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Wisdom & Discernment

Since 2011, I’ve been speaking and raising awareness about issues relating to human trafficking and commercial sexual exploitation. Over the years, my presentation style changes and evolves to work to my strengths and address emerging issues. One of the challenges I have speaking to audiences of strangers is not knowing how much they might already know about the issue, so I tend to start with general facts and information and go from there. Last year, I adapted my presentation and centered my content around myths about human trafficking. I did this to address another presenting challenge I face: providing information in ways that counter the misconceptions that people have come to believe about trafficking because of what they have previously seen or heard. Sometimes these myths stem from fictionalized accounts like movies. But some misconceptions stem from articles that are consumed as news and taken as truth.

Survivors have also shared with me the harm that sensationalized stories have on them.

There have been some popular stories of trafficking and sexual exploitation that I have seen online lately, ones I do not feel the need to highlight here given my belief that they are not entirely factual. On the one hand, sensationalized stories like these generate a “buzz” and provide opportunities to highlight the realities of trafficking in our community and throughout the world. But the time it takes to counter misconceptions, myths, and conspiracy theories is time and energy taken away from diving deeper into the issues surrounding human trafficking. Survivors have also shared with me the harm that sensationalized stories have on them; when they share their own stories, they are not considered as valid or as serious because they might not contain elements or experiences that sensationalized stories tend to emphasize.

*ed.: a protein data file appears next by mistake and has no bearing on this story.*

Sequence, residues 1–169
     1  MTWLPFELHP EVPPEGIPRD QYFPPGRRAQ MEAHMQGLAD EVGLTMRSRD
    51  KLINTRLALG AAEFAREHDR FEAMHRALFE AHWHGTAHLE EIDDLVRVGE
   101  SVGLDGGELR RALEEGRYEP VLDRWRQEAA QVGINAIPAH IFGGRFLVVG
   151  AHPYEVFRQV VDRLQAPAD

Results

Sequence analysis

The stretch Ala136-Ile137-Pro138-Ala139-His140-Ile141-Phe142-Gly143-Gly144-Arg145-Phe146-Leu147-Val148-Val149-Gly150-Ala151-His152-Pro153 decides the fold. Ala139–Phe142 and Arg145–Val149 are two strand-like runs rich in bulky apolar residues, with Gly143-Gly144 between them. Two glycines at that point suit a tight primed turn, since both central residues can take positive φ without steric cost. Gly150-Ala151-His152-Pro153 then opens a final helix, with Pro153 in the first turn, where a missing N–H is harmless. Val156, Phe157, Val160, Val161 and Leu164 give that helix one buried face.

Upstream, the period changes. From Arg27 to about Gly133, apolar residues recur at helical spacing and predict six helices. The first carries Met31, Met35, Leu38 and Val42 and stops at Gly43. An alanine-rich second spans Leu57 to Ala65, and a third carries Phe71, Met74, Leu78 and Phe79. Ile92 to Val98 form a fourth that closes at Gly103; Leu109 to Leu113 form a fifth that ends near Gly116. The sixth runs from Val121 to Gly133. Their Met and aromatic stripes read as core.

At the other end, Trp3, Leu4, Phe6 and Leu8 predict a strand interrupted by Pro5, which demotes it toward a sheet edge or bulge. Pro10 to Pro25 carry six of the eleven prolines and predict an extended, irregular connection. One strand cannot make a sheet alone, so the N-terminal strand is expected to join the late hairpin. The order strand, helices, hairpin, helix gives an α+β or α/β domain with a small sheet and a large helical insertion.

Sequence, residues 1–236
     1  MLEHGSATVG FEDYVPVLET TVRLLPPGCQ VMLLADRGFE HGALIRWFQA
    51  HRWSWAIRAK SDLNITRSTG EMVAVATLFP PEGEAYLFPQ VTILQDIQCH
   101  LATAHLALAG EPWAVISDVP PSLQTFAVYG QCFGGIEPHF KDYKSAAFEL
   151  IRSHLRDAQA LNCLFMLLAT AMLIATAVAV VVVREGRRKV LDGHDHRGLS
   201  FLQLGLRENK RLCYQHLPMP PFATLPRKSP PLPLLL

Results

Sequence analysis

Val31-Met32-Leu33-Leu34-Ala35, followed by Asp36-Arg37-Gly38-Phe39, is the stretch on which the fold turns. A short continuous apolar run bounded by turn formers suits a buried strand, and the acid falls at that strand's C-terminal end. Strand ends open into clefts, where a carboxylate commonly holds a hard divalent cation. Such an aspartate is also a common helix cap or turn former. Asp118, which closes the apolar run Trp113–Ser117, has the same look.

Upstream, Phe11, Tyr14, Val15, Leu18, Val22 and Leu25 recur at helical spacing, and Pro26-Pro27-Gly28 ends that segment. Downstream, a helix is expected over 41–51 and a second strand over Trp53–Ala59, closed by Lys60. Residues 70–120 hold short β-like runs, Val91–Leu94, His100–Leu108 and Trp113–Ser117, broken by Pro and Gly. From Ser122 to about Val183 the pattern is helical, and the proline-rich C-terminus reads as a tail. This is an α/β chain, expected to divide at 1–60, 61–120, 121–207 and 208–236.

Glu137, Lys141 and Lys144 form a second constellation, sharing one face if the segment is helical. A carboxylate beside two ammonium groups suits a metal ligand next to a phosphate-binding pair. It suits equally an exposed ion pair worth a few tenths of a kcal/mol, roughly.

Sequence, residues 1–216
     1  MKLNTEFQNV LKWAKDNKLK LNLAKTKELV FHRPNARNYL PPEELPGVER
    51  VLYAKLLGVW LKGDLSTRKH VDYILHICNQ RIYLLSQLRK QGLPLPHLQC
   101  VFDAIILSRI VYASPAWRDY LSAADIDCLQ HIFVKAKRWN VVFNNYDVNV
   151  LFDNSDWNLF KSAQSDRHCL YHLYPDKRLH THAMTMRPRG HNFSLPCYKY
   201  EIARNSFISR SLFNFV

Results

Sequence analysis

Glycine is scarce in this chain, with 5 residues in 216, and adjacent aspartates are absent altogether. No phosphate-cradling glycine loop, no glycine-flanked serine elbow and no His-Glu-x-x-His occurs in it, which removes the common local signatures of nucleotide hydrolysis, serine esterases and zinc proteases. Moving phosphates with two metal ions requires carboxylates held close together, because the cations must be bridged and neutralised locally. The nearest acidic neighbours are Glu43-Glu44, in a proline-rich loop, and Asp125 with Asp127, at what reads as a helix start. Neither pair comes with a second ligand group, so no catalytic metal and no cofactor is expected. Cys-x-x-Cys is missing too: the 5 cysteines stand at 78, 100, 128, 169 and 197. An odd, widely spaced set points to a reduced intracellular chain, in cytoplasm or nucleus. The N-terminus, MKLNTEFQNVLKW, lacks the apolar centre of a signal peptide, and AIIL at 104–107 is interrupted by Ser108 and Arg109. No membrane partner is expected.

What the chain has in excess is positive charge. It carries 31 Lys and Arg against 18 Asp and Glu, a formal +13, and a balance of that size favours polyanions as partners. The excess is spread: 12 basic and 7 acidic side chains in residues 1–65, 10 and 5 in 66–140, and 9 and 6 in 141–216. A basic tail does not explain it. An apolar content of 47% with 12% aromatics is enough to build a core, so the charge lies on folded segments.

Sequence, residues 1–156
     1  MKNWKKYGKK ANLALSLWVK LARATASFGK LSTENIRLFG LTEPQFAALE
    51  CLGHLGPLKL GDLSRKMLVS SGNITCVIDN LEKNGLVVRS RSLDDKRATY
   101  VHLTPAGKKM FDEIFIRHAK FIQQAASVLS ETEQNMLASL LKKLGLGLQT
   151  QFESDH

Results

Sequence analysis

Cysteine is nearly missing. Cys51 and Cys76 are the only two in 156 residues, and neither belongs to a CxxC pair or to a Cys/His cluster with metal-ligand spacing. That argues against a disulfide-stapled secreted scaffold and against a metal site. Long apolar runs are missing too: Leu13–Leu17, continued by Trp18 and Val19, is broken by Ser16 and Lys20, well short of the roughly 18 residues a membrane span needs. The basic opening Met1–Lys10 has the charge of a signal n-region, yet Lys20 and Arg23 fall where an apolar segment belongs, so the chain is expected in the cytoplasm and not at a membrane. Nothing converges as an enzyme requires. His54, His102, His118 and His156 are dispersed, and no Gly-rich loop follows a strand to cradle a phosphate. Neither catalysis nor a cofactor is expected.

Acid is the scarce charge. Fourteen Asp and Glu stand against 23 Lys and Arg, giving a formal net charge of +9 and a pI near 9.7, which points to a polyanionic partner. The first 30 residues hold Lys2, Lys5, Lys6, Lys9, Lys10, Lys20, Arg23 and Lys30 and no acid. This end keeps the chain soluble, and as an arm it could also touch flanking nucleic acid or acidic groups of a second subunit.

Get wisdom, get understanding, do not forget my words or turn away from them.

Why do we tend to gravitate towards the sensationalized? I think we are captivated by and focus on more sensationalized stories because it is more difficult for us to reconcile the reality that evil and injustice are nearby, in our own communities. Is it possible that it is easier to believe that children unknown to us are being trafficked by large corporations or prominent people because then the expectation for justice falls on systems that we believe are out of our control or reach? Coming face to face with the realization and understanding that trafficking happens in our own communities and purchased by people we may even know takes more work, more energy, and more responsibility.

Proverbs 4:1-7 (NIV)

Listen, my sons, to a father’s instruction;

    pay attention and gain understanding.

I give you sound learning,

    so do not forsake my teaching.

For I too was a son to my father,

    still tender, and cherished by my mother.

Then he taught me, and he said to me,

    “Take hold of my words with all your heart;

    keep my commands, and you will live.

Get wisdom, get understanding;

    do not forget my words or turn away from them.

Do not forsake wisdom, and she will protect you;

    love her, and she will watch over you.

The beginning of wisdom is this: Get wisdom.

    Though it cost all you have, get understanding.

So why do we care about this as Christians? Why should Christians concern themselves with dispelling myths and countering conspiracy theories? God calls us to seek truth; wisdom and discernment are crucial in seeking truth. As Christians, we practice discernment in many areas of our life. Congregations regularly practice discernment when extending a call to a new pastor, making programming changes, and grappling with complex issues and topics. “Discernment” is practiced by individuals when seeking God’s direction in making personal choices. God created us with free will and the ability to exercise curiosity, exploration, discussion, and common sense. God gives us wisdom, and God instructs us to also be proactive in seeking wisdom. 

We are so fortunate to have access to news and information at our fingertips. But with that comes the importance of exercising wisdom and discernment. And this is my prayer for us all (Philippians 1:9-11): “that your love may abound more and more in knowledge and depth of insight, so that you may be able to discern what is best and may be pure and blameless for the day of Christ, filled with the fruit of righteousness that comes through Jesus Christ—to the glory and praise of God.” 


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